Step Up Revolution C
“Step Up Revolution,” the fourth installment in Summit’s popular dance and romance franchise, tries to up the ante with 3D action and seductive setting, Miami.
But to no avail: While some of the movement is sizzling, and some of the performers likeable, the tale is so formulaic and cliché-ridden that when the group of hot young actors stop dancing and begin talking, we become restless and look at our watches.
Starting with the 2006 debut of “Step Up,” producers Jennifer Gibgot and Adam Shankman have created a series of popular hip‐hop fairy tales that blend the latest street dance with the romance of “Romeo and Juliet.”
Pandering to the most common denominator (that is, the lowest taste) of the potential public, the story borrows quite a bit from the disco-era musical, the superb “Saturday Night Fever,” and from the previous chapters of the series.
In this chapter, childhood friends Sean (Ryan Guzman) and Eddy (Misha Gabriel) work as waiters at Miami Beach’s posh Dimont Hotel, owned by ruthless developer Bill Anderson (Peter Gallagher).
But the boys really come to life in their leisure, when they are not working. In their off‐duty hours, the duo leads a renegade crew known as “The Mob,” a group of cutting‐edge dancers, musicians and artists that captures the city’s collective imagination with high‐tech, hit‐and‐run flash mobs, which appear out of nowhere.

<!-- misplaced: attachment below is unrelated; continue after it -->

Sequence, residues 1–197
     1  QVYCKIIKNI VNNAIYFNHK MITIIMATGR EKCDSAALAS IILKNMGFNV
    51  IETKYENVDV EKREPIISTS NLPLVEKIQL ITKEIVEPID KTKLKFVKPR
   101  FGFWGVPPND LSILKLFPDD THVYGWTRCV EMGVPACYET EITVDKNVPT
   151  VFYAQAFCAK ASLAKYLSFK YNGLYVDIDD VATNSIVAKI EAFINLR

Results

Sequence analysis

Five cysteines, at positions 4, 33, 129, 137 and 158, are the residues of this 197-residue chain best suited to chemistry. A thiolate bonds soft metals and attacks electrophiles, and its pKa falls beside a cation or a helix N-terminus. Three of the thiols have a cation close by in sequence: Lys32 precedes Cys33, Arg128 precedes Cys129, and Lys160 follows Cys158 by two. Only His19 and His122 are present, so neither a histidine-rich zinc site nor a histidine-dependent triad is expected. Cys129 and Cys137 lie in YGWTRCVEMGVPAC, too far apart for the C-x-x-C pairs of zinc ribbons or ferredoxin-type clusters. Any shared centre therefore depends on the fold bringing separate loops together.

Wouldn’t you know it? Soon, the Mob’s outlaw performances attract the attention of Anderson’s daughter Emily (Kathryn McCormick), a gifted dancer. Under pressure from her strict and conservative father to leave her dream career behind and get a “real” job, Emily has reluctantly agreed to go to work for him–unless she earns a spot in the Wynwood Dance Company.
One encounter with the flash mob and, bingo, Emily wants to join in, especially after connecting at a dance club with Sean. For his part, Sean decides to introduce her to the group without disclosing the fact that she’s the big boss’s daughter. Will they find out?
Emily’s impressive dance skills win her a place in The Mob, but her presence creates a tension between Sean and Eddy. When Anderson and his young protégé Tripp (Tommy Dewey) announce plans to raze The Mob’s neighborhood to build a huge commercial development, the group begins planning their most daring flash mob ever to try to save the waterfront. As a result, Emily and Sean are forced to choose between family ties and their love for each other.
The film benefits from the relative freshness of its stars, who both make their big-screen debut. There is good chemistry between Kathryn McCormick, a finalist on the hit TV dance series, “So You Think You Can Dance,” and Ryan Guzman,
Problem is the lackluster direction of Scott Speer, who makes his feature film debut, and the banal screenplay by Amanda Brody, which is billed as original,” but is nothing but.
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